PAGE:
Farm News – Autumn 2022.

I am an avid listener of ‘The Regenerative Journey’ podcast, hosted by Charlie Arnott. One of Charlie’s most significant yet simplest pieces of advice is to watch, listen, and observe. His guidance is not to change the land you have until you begin to understand the land you have.

One of my favourite things to do at the farm is to walk the paddocks and the bush. I don’t have a planned-out system, but I do follow my instinct and walk the paddock or area of the bush that calls me, which is a system.

I am noticing that when the sweet chestnuts come out in autumn, the cockatoos arrive, and they make a big mess cracking open the chestnuts, and then the crimson lorikeets clean up after the cockatoos have had their fill. It is a noisy, messy, and captivating time.

I have noticed that last year’s burn pile has already regenerated itself with the native bracken.

I am noticing the different insects that inhabit the house and the order of their arrival; spiders, blowflies, weird indoor ‘caterpillars’ that are black and move like centipedes without all the legs. Let me know if you have a name for them.

I am noticing that the grass keeps growing!!!

My husband Emrys’ focus is to regenerate the bush we are now the custodians of, and we have been chatting to our chapter of Landcare since last year.

About a month ago, we had two members of Landcare come to visit the property; it was inspiring. One of those moments when you realise that an idea has become a tangible action, and there are people who know more than you do who are willing to share their knowledge. The four of us walked into the bush, into the gully area, which is currently a holly plantation filled with holly trees! Yes. Holly trees. Never have I seen holly grow this big in England. I have only seen holly bushes; these things are big as redwoods. To give you an idea of the average size of these trees, one of them took 8 hours to remove!

The chopping down of the holly trees has been done by a professional; removing the trees to the burn pile is our job. We will burn it all off through winter.

In May, we will be the owners of six hundred native saplings (gained from a Landcare grant) to plant in the areas where the holly has been removed. It is incredible to see how different the gully already looks and how much light comes shining through. It will be unrecognisable in a few years.

A group of family and friends plus some Landcare volunteers will plant the saplings in a day. Landcare provides half the labour and expertise, and I’ll provide the food. I’m thinking of a hearty vegetable soup, my youngest’s beautiful homemade bread, followed by a sweet delight; cake or crumble. Why not both, I hear you ask? Why not indeed.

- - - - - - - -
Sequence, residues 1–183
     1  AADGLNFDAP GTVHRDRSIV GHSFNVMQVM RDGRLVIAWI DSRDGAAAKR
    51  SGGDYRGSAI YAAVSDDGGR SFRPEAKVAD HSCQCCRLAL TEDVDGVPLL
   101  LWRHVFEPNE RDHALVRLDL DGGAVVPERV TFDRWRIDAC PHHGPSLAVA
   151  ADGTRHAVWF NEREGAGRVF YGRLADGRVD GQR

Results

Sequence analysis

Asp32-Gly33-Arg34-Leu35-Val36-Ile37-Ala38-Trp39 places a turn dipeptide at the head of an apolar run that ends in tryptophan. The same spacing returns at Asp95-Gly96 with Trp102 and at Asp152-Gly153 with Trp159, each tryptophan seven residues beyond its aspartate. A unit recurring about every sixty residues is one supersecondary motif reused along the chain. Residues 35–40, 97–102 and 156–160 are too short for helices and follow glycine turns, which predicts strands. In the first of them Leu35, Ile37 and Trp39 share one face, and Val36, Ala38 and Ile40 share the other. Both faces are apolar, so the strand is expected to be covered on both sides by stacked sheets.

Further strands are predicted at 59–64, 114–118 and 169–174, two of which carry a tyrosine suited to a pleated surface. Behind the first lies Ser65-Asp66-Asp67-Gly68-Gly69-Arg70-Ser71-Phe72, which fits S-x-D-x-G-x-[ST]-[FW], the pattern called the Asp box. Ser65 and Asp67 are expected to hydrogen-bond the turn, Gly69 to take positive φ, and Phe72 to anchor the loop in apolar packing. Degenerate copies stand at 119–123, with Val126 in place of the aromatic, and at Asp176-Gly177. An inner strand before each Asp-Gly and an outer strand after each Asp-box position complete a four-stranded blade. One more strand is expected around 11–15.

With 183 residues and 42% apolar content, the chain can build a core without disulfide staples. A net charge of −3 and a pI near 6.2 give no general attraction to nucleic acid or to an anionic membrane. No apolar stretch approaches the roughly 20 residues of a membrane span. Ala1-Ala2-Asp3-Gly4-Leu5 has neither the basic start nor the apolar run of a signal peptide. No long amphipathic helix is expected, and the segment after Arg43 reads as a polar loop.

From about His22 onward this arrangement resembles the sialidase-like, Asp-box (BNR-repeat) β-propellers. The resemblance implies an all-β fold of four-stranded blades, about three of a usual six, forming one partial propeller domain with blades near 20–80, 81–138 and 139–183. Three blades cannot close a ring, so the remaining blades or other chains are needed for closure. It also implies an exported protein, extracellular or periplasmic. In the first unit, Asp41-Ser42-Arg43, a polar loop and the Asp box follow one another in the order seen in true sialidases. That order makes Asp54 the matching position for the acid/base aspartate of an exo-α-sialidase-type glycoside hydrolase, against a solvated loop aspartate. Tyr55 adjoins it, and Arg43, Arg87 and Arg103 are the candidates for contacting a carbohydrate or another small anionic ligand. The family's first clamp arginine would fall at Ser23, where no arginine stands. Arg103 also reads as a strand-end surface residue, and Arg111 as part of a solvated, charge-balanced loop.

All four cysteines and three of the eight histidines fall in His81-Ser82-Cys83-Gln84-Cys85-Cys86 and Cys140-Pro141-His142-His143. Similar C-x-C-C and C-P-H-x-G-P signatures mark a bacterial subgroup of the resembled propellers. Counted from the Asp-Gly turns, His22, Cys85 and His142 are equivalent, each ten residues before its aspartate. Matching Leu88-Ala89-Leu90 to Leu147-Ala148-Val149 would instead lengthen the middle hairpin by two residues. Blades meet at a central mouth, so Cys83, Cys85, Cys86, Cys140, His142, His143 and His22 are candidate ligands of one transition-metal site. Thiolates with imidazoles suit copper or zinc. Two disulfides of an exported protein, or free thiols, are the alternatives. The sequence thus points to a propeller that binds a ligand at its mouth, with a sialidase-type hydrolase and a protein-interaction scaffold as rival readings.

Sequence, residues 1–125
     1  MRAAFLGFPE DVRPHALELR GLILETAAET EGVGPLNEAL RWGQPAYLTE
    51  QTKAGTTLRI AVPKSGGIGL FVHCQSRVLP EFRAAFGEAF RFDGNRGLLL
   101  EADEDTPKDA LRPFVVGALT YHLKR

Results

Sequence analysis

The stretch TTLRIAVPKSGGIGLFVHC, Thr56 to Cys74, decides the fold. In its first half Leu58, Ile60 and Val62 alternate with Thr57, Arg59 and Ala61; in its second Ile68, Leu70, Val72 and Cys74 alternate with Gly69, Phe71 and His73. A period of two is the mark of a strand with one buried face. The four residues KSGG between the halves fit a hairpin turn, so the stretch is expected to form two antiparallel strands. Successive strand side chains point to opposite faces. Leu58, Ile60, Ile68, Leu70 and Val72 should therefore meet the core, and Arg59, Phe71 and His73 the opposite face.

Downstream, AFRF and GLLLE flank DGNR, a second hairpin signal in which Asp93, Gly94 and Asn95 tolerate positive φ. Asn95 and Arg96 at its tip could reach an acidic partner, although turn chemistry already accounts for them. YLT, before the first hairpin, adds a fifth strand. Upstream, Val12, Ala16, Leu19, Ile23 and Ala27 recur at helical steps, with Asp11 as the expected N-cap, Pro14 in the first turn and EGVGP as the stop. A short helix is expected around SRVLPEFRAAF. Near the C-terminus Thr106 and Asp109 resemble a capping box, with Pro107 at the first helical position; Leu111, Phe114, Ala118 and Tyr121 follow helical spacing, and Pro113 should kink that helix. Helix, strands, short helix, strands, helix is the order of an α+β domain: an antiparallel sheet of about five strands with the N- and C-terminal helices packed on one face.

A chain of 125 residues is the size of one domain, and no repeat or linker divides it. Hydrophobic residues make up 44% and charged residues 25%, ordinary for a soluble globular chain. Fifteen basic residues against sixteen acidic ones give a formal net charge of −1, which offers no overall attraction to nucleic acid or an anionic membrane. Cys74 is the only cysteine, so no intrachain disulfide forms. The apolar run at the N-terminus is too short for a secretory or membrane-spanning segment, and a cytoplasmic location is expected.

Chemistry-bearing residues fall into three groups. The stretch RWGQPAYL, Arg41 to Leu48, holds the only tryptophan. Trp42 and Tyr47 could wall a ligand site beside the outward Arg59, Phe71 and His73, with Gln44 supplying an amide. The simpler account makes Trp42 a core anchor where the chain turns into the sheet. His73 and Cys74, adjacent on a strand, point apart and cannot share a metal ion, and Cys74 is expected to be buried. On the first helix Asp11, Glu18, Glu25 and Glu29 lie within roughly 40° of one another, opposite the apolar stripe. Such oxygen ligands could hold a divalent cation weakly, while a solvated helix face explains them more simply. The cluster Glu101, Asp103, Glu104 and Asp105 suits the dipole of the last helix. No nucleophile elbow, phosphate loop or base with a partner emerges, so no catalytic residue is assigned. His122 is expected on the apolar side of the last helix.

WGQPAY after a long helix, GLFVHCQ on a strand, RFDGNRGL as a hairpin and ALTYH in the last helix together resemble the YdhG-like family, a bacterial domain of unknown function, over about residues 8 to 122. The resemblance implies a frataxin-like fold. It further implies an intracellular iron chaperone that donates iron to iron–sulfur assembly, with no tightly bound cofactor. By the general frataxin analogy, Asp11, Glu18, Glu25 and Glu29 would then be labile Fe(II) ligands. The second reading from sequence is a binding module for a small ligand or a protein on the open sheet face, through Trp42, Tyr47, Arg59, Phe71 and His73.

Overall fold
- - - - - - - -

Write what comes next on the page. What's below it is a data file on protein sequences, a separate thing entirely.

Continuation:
In the last farm news, I shared that Emrys and I managed our first ‘burn off’ fire (with no casualties) and how we high-five each other with each new skill or task we complete.

Since then, we have repaired our first fence. Woohoo!! We went from staring blankly at the fence repair section in the hardware store to working it out by making a few mistakes and then getting it done.

Flower Farm Happenings
One of my goals for the year is ‘to make a marked and visual start to the first flower farm paddock.’ I have chosen a paddock where the stream runs along the bottom, three giant messmate trees guard the paddock, and there are already some established windbreaks in the form of pine trees. But I need more windbreaks; we have severe winds coming from the south, so hedgerows are the first step. As much as I would love to just plant the paddock with the roses and peonies, there is no point; I would risk losing the whole crop.

So, in a few weeks, I will be talking with Todd, the local expert on native hedgerows, but I would hate to give you the impression that I am a native puritan; I am not. Sprinkled among the native hedgerows will be gigantic rambling roses, buddleias (butterfly bush), mock orange, and some other beauties. I am English. I will always be intoxicated by the English Garden aesthetic. No apologies.

Having diverse hedgerows means that while functioning as a windbreak and housing and food for native birds and pollinators, it will also provide beautiful foliage to sell with the flowers.

Finally, last week I ordered A LOT of spring flowering bulbs. I will be planting at the farm and in the city ‘experimental’ garden. The farm will be for the bulbs I know and love; freesias, double tulips, sweet peas, and more daffodils. In the city, I’m experimenting with ranunculus and poppies.

So, If I leave you with one action today, it’s this. Get yourself some spring bulbs if you are in autumn. You only need a pot + soil + bulbs. You will not regret seeing the first hope of spring after a cold dark winter.

Wishing you a weekend of planting the hope of another day.

Kemi xxx

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